Another Meyers line I take issue with: “This problem has been compounded by the fact that all four of them were once heavily coveted in trade talks, and the Angels refused to part with any of them.” Again, I don’t think this is necessarily a case of overvaluing your own prospects. The Angels had a plan and they stuck to it. Perhaps there were flaws in the process, but that doesn’t mean that there were flaws in the evaluation of their own talent. The problem is that he doesn’t go into any of the trade proposals. You can only make decisions based on the information you have at the time, and at the time these supposed trade opportunities came and went, the Angels still had four top-flight infield prospects. They weren’t going to move them for just anyone, nor should they have.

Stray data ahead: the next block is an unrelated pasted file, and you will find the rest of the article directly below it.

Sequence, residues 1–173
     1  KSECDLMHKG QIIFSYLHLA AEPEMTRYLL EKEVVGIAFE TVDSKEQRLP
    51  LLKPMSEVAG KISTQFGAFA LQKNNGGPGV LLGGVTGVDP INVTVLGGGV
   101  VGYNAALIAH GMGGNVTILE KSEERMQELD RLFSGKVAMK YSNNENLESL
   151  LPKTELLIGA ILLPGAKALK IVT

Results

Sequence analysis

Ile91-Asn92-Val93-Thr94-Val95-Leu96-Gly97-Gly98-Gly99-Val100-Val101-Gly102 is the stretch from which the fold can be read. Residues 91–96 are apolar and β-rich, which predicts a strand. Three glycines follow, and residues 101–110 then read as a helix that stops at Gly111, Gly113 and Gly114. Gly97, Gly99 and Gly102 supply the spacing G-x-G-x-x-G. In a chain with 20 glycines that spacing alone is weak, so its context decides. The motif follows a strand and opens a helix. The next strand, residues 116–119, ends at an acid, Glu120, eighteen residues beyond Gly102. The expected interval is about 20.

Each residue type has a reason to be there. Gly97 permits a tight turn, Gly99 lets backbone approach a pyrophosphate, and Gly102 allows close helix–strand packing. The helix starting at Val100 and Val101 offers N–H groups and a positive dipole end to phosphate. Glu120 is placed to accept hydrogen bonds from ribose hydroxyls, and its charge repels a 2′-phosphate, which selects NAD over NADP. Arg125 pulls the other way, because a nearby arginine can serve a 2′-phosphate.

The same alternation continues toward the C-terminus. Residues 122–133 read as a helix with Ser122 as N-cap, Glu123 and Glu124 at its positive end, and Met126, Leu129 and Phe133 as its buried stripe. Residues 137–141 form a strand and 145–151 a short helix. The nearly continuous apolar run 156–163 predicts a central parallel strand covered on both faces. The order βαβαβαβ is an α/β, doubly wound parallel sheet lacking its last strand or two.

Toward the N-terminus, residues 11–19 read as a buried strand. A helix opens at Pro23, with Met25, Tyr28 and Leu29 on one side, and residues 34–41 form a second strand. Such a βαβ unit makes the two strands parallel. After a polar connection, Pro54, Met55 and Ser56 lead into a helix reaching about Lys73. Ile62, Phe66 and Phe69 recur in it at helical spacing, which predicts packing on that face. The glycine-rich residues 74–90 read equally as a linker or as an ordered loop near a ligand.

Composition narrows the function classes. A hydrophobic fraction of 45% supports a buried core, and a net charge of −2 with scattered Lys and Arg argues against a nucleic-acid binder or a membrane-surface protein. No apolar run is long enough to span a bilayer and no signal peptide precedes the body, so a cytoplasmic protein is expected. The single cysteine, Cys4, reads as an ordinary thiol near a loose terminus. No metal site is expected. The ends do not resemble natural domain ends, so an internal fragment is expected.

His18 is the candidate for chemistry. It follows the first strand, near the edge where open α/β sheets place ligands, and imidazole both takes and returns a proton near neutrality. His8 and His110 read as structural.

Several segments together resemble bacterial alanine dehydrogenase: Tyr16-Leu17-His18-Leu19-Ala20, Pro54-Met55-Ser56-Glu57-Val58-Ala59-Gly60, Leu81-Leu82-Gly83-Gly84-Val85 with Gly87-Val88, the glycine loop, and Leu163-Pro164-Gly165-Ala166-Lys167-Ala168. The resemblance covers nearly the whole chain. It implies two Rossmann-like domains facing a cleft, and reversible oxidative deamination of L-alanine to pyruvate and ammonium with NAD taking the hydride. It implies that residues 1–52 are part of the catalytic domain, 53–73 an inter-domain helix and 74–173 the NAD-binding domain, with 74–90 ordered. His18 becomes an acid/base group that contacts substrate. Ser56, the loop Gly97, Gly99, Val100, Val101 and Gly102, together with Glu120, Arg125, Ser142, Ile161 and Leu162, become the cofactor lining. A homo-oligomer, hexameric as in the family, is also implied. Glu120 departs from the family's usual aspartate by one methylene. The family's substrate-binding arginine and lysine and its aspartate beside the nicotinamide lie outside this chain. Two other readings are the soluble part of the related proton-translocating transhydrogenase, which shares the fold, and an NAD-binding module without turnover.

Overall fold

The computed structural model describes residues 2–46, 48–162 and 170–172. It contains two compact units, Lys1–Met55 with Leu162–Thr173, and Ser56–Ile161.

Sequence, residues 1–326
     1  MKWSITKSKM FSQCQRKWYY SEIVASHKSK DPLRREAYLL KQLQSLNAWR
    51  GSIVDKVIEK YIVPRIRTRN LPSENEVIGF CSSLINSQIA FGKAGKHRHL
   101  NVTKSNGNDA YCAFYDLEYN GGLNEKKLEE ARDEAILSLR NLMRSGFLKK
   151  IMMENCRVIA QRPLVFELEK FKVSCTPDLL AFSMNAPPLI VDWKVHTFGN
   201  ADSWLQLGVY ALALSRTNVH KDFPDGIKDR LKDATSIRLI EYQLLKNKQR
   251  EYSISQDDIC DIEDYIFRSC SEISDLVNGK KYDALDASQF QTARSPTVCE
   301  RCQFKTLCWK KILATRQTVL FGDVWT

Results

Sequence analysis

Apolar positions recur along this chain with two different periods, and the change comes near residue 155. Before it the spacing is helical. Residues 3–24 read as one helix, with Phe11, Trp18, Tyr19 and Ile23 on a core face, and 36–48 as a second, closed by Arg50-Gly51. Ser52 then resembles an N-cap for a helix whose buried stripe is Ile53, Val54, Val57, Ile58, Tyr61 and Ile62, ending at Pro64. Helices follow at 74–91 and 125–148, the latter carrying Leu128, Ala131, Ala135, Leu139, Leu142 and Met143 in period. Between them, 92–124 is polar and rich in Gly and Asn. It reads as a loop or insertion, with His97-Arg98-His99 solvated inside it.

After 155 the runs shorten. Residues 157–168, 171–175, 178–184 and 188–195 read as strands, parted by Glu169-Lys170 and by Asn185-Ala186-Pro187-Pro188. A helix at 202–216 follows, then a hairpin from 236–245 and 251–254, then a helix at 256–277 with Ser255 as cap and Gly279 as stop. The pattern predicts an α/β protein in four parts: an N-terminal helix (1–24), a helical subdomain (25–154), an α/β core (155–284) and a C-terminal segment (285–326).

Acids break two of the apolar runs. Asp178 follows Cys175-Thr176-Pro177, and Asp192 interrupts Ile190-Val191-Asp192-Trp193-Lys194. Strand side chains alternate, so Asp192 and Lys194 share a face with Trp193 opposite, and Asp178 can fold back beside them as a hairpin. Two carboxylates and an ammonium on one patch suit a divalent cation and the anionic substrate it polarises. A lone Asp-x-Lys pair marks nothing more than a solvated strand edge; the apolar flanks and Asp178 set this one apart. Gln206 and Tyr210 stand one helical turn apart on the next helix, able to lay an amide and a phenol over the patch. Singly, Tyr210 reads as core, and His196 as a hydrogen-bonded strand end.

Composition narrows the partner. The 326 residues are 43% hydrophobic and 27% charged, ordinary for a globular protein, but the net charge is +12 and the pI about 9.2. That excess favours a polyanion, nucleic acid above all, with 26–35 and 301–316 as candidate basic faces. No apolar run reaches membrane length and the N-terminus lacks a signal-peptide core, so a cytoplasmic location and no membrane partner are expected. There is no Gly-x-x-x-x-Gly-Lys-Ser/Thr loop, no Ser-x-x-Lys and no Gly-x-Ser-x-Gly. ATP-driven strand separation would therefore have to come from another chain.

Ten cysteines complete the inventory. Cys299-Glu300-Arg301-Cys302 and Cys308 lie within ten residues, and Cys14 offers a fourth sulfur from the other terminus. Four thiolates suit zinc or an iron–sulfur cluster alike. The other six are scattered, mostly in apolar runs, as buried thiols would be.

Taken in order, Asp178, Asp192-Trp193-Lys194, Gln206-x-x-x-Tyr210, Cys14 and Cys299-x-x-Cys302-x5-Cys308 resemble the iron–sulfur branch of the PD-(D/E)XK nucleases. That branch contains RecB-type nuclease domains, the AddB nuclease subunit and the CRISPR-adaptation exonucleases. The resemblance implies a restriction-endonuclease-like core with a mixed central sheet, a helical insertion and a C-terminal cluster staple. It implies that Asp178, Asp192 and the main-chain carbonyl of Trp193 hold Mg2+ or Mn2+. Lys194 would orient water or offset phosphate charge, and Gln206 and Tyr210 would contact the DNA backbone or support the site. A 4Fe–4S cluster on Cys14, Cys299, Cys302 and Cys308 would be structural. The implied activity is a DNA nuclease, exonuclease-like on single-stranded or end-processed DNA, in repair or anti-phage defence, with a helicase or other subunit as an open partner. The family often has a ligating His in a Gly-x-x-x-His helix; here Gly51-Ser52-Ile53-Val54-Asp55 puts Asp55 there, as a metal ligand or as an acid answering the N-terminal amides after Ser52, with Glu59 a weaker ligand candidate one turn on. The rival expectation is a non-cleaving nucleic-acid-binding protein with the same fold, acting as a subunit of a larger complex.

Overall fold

It’s easy to talk about overvaluing prospects when you’re writing in hindsight. Player A was highly touted but busted? Blame it on management; they should have known their own players better. It’s never that simple, though. So many other factors have to come into consideration when evaluating a veteran for prospect trade that it’s impossible to get it right every time. As Meyer notes, some guys — he cites a great example in John Schuerholz — seem to have a knack for it. Even he has had his stumbles, though, thanks to the wonderfully unpredictable world of major league prospects.